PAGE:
Over the last week the following has happened:
· In the UK last week, the Treasury and the Bank of England announced the right measures in principle, showing excellent cooperation, but need to increase the volume of intervention quickly.
· As I write, the Chancellor is making further announcements: £330 billion of government-backed loan guarantees; cash grants of £25,000 per business “to help bridge through this period;” mortgage lenders will provide three-month mortgage holidays for those that need them; and he promises further measures in the coming days.
· In the US today, the Federal Reserve Bank (the Fed) announced a special credit facility to purchase corporate paper from issuers that have been having a difficult time finding buyers on the open market. Corporate paper involves unsecured short-term lending.
· On Sunday night, the Fed cut the Federal Funds Target range by 100bps to 0-0.25% and said that it would resume asset purchases of USD700bn in Treasuries and Mortgage Backed Securities. There is a Fed meeting due on March 17-18th although the Fed is clearly now acting as and when it sees the need.
· Last Thursday, the Fed announced that it would inject USD1.5tn into funding markets and purchase US Treasury bonds to improve the Treasury market trading and liquidity.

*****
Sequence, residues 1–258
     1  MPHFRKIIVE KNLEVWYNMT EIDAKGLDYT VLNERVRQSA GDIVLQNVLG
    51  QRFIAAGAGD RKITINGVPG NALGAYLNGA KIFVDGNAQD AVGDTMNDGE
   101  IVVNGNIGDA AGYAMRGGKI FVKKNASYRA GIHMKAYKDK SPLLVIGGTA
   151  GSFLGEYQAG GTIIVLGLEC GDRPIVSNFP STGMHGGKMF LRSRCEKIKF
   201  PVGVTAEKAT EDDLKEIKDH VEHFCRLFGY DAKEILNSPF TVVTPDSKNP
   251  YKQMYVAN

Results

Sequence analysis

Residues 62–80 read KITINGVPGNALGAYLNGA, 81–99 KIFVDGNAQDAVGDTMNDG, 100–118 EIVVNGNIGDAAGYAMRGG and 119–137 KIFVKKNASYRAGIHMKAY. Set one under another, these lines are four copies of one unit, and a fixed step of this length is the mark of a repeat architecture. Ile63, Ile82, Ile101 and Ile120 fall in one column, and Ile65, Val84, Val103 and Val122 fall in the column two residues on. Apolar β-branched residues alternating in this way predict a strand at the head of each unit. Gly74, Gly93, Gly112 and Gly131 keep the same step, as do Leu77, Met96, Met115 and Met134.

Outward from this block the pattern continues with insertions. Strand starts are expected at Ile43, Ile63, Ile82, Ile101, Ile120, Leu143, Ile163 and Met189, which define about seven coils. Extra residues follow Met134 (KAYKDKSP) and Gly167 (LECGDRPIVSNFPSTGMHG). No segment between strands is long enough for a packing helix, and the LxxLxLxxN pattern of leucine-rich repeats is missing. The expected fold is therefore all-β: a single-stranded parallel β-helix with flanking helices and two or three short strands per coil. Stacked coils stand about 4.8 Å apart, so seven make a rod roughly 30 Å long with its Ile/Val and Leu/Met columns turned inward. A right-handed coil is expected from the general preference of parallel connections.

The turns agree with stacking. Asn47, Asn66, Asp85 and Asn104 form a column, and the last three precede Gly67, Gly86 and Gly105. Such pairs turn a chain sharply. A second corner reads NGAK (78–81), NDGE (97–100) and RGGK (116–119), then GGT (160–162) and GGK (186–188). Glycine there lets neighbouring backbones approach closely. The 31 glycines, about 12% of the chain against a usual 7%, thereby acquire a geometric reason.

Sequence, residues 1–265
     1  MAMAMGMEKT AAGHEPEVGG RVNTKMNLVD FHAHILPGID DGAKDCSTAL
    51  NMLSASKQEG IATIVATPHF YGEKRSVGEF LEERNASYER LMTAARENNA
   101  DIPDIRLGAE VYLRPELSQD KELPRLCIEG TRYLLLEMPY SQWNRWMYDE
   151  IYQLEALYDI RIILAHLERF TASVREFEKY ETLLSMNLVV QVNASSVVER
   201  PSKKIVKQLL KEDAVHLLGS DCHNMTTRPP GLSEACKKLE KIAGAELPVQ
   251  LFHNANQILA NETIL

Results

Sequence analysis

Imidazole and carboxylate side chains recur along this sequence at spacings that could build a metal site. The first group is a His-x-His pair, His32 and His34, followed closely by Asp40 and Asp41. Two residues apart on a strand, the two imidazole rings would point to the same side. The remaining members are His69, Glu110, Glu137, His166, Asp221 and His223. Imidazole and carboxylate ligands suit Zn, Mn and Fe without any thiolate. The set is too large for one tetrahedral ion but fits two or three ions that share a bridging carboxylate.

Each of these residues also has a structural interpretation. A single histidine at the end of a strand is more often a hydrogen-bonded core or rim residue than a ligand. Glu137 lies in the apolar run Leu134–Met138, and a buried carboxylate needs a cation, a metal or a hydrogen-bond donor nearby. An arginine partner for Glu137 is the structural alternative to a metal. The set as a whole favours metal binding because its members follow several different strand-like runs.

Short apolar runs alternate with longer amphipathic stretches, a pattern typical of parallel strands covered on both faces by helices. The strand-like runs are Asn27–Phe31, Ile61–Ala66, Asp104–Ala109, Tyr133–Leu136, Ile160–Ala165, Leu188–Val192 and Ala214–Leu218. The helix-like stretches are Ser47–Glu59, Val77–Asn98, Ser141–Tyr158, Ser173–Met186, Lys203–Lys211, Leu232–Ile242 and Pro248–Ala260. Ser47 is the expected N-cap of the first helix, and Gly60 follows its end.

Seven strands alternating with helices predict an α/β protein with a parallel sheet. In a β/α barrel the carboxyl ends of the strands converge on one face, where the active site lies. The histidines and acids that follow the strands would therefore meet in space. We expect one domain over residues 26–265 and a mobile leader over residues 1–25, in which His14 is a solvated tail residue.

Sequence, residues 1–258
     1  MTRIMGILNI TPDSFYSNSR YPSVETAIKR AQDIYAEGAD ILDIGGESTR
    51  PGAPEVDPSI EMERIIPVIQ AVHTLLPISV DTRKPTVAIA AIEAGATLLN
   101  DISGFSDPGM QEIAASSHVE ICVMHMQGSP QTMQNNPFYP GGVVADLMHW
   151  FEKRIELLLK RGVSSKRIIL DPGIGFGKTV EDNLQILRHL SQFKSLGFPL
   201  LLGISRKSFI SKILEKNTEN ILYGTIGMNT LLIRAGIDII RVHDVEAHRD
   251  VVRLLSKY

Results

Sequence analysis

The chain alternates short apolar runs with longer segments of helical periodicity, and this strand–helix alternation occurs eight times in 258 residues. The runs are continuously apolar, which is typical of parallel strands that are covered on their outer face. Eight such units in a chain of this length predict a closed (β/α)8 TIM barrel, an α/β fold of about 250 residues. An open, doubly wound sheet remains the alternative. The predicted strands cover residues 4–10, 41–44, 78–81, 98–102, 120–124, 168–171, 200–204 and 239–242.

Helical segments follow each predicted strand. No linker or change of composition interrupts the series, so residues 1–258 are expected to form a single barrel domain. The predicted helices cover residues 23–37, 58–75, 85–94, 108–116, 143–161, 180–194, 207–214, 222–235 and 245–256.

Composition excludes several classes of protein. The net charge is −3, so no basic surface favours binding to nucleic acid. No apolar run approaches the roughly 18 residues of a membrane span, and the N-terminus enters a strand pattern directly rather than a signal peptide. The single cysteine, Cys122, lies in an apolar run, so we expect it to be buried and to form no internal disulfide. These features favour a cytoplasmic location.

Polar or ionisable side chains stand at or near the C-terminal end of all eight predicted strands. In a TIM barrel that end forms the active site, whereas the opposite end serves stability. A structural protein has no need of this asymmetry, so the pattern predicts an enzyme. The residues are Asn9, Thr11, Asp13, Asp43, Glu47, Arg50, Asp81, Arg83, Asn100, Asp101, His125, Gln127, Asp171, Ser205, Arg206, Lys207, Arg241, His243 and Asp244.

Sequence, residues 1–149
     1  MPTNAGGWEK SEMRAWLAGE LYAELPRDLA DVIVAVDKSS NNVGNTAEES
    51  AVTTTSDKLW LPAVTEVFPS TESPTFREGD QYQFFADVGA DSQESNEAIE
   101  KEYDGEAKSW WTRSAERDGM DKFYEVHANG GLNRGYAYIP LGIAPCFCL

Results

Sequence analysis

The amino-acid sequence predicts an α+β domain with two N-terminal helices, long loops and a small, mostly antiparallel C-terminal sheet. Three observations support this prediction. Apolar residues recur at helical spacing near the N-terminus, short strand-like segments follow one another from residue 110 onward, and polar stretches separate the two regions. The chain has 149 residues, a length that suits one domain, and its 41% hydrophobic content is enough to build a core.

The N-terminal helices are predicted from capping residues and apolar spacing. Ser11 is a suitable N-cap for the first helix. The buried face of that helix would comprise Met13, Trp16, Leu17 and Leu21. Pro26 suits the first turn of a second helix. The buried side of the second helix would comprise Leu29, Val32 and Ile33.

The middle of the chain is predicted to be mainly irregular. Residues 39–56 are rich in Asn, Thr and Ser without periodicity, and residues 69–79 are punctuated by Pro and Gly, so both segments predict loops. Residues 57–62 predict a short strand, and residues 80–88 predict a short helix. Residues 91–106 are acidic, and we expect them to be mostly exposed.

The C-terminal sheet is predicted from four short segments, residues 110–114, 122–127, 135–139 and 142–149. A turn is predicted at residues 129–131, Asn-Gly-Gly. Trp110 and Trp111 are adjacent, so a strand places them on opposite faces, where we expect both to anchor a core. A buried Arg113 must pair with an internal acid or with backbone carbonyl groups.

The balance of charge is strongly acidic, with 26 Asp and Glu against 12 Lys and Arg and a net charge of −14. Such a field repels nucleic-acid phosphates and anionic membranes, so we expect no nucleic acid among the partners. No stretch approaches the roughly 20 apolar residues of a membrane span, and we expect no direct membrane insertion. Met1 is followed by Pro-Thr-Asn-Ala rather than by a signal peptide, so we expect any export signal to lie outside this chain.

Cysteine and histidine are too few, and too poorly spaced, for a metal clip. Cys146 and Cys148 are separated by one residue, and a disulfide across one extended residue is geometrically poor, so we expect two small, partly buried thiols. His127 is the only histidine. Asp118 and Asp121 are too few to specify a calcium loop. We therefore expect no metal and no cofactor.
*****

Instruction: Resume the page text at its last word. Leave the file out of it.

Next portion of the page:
· In the European Union, the European Central Bank (ECB) announced an extra €120bn “envelope” of asset purchases available until the end of the year, alongside easing the capital requirements for banks, and a new round of cheaper financing for banks when they make new loans to businesses and individuals. They have said that they will do more if required.
· Neither the ECB or the Bank of Japan (BoJ) has cut interest rates, but both already have negative interest rates.
· The BoJ announced an increase in asset purchases on Monday morning. It will double its purchasing of exchange-traded fund securities to 12 trillion yen ($112 billion) rattled by the spread of the new coronavirus.
· The BoJ also said it will boost its target for commercial paper and corporate bond purchases by 2 trillion yen until the end of September.
· To facilitate corporate finance, the BoJ will also provide new loans against corporate debt of about 8 trillion yen as collateral at a zero interest rate for up to one year.
· All the major central banks have agreed to ensure that the supply of dollars to the global trading and financial system remain sufficient.
· China had already made substantial commitments prior to this time, and continues to support networks.
These measures are essential to stabilise financial markets, banking and trading systems, and corporate liquidity. There is no reason to believe that they will fail to do what is necessary.
More of the above, more “QE”, and other innovative forms of support are likely.
Tomorrow I intend to write on one such innovation “helicopter money”, and thereafter about the published spending plans of major governments.